Saturday, March 14, 2015

Matt Bruenig vs Poverty

A few days ago I mentioned in this entry...Raymond Fisman - Education vs Markets ... that John Quiggin is my second favorite Crooked Timber liberal.  If you'd like to know who my first favorite Crooked Timber liberal is... then you're welcome to read this entry... Is A Procreation License Consistent With Libertarianism?

Yes, Quiggin is still my second favorite Crooked Timber liberal.  It probably doesn't hurt that I have a cognitive bias towards Australians.  I think Australians are so cool for so many reasons!  But I'll avoid the strong temptation to digress any further down that path.

As I was about to start this entry, I wondered whether it's really necessary for me to refer to Quiggin as my second favorite Crooked Timber liberal.  It kind of begs the question of how he ranks among all the liberals in the world.  Doesn't it?  I'm sure the question keeps Quiggin up at night.  So from now on... I'm going to zoom out.  John Quiggin is my second favorite liberal in the world.  The world has a lot of liberals so that's pretty impressive... right?  There's nothing dubious about this distinction!

So who's my third favorite liberal in the world?  Noah Smith!  And my fourth favorite liberal in the world?  Errrr...I don't have one.  :(   That's got to be a problem.  I should have at least 5 favorite liberals or else I'm a huge failure at life.

Quiggin has been kind enough to suggest a candidate... The US government didn’t lose the War on Poverty: it changed sides.  Well... the suggestion was... subtle.  It was actually in the comments section... and somebody else's comment no less.  But Australians work in mysterious (and wonderful) ways!

The candidate is the liberal Matt Bruenig.  Is he going to be my fourth favorite liberal?  Let's find out!

Bruenig and I have at least two very important things in common...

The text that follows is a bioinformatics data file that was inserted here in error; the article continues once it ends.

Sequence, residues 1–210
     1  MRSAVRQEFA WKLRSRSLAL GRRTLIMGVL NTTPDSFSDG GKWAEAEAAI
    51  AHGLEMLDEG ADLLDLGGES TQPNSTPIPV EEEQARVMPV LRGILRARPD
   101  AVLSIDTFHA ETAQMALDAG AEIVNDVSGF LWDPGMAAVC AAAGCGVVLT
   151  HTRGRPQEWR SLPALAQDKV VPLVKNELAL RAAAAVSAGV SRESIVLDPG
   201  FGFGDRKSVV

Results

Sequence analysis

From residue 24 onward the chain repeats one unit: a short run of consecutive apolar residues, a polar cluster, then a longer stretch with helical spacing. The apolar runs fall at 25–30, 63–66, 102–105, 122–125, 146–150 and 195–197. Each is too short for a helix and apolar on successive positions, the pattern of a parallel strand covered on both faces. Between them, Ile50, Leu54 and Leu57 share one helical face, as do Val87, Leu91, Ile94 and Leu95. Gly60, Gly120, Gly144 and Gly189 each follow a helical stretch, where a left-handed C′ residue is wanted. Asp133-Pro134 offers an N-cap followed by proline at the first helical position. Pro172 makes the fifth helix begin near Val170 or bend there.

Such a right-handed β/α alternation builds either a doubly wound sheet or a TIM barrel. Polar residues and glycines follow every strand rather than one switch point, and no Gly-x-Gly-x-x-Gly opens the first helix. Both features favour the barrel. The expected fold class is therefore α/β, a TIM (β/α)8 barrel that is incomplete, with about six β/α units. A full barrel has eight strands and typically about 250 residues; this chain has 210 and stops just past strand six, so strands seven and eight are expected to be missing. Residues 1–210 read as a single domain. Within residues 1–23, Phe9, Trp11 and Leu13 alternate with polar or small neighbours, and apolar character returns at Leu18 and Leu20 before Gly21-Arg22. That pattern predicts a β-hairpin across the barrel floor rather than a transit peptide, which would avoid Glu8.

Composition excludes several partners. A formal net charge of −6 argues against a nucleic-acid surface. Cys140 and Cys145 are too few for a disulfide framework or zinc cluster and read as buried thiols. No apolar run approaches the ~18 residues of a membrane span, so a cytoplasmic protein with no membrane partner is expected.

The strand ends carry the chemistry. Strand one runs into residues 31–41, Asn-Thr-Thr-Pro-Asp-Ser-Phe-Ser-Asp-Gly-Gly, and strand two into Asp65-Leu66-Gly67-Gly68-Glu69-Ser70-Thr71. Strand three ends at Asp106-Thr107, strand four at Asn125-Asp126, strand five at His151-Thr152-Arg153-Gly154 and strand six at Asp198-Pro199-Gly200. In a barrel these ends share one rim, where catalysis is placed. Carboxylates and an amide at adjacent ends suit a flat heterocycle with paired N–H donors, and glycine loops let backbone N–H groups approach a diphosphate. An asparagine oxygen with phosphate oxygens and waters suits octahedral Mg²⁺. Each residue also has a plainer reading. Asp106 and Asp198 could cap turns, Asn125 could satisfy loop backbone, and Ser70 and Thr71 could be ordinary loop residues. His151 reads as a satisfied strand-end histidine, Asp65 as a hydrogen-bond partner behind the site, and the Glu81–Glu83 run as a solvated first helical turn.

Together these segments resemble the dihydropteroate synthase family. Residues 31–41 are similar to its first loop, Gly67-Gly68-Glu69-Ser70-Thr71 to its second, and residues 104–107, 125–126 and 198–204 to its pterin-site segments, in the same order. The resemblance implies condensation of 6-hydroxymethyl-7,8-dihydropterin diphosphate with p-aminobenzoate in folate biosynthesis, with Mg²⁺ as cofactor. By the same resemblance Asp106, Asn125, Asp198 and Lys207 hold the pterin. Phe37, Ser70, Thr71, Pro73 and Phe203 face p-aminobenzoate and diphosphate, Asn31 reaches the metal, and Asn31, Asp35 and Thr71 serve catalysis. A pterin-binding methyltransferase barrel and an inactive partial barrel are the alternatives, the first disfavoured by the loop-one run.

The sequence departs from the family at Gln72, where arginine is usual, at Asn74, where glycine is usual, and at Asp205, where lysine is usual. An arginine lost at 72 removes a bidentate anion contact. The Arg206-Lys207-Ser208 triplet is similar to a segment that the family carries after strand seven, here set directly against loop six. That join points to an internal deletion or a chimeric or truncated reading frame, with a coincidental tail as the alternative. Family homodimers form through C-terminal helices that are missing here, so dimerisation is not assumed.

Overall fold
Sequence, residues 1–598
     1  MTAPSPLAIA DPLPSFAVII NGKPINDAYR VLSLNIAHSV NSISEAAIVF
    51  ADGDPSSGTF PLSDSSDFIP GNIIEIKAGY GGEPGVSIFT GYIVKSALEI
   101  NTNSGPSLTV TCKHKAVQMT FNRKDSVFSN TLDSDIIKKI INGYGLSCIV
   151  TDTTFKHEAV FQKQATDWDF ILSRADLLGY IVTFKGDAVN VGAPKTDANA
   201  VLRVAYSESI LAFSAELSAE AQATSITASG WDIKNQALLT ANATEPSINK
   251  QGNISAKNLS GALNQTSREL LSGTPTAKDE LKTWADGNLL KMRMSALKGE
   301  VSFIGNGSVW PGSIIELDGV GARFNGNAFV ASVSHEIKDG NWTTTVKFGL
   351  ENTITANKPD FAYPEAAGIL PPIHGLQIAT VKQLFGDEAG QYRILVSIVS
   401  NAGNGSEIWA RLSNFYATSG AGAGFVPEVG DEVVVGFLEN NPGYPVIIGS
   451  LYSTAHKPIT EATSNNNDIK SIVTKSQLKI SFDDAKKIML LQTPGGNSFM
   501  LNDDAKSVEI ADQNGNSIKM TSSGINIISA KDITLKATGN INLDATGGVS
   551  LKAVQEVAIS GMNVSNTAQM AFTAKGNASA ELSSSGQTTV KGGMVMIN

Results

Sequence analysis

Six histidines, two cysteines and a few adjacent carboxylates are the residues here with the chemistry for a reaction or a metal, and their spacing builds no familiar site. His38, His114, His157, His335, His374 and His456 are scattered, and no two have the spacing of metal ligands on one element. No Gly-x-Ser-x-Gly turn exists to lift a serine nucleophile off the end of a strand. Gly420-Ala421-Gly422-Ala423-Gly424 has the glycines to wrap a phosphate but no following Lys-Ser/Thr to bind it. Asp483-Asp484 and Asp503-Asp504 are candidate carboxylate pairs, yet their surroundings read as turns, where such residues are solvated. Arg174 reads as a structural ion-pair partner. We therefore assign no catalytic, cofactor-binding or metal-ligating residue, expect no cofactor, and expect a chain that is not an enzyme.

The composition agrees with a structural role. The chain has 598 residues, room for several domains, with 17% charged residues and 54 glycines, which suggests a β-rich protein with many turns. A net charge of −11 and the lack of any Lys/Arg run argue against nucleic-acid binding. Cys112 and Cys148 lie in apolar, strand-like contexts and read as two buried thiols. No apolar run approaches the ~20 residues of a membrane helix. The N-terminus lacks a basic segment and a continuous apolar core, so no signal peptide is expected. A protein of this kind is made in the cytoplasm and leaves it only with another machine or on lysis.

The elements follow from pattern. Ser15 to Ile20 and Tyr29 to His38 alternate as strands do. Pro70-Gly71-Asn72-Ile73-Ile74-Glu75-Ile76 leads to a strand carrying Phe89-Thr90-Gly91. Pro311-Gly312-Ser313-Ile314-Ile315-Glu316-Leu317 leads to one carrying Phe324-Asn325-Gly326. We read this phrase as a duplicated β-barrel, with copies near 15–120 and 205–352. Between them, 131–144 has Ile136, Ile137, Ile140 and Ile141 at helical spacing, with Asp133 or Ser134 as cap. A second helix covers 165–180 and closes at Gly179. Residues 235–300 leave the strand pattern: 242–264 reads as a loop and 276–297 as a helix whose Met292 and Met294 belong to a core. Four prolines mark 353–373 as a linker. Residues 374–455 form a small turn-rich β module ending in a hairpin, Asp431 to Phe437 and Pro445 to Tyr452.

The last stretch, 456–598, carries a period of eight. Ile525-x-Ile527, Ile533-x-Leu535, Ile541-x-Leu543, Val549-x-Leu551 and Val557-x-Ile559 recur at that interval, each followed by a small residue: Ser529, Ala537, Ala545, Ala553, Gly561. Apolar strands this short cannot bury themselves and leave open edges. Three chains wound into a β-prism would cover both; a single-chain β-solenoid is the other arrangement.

1. We both want to eliminate poverty
2. We both think that the non-aggression principle (NAP) is... not that great

Here's why Bruenig isn't a fan of the NAP... Non-aggression never does any argumentative work at any time.  If you'd like to know why I'm not a fan of the NAP... then evidently you didn't read my entry that I linked to in the beginning of this entry!  For your convenience... here it is again... Is A Procreation License Consistent With Libertarianism?

Even though Bruenig and I both want to eliminate poverty... our policy recommendations are extremely different.  They can both be wrong... but they can't both be right.  Therefore, it would behoove us to poke and prod each other's poverty remedies.

From Bruenig himself...
As regular readers here know, I am a big fan of reducing inequality and combatting poverty by distributing income more evenly. This involves, among other things, increasing taxes on the rich and using the revenue from such taxes to boost the incomes of the poor. It's pretty simple and has been a winner of a policy everywhere it has been tried. - Matt Bruenig, Social Security Pulled 22 Million Out of Poverty in 2012
Most liberals would probably agree with this "solution".  Which is a problem because I'm pretty sure that it's fundamentally flawed.  Let me try and explain why.